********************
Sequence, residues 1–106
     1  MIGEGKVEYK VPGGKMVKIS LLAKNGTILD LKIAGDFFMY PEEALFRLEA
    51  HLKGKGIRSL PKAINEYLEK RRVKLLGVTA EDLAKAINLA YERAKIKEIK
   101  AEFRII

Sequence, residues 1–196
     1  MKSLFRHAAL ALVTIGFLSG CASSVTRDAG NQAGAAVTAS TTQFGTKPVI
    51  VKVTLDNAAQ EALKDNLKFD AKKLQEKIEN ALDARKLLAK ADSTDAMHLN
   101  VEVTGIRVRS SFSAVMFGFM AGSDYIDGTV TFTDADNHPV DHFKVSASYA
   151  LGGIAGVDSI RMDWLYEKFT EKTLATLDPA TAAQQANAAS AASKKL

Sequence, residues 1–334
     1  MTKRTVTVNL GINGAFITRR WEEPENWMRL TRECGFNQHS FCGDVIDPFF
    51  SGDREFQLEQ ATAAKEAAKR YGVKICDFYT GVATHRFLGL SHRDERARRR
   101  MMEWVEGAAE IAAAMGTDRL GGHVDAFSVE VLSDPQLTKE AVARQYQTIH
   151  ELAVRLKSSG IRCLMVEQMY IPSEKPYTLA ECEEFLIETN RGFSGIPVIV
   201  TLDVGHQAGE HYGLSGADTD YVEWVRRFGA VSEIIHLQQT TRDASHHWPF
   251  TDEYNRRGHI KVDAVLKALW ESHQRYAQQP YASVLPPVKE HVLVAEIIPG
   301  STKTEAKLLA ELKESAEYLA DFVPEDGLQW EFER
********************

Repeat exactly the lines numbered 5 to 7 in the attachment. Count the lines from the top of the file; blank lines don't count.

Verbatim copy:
Sequence, residues 1–196
     1  MKSLFRHAAL ALVTIGFLSG CASSVTRDAG NQAGAAVTAS TTQFGTKPVI
    51  VKVTLDNAAQ EALKDNLKFD AKKLQEKIEN ALDARKLLAK ADSTDAMHLN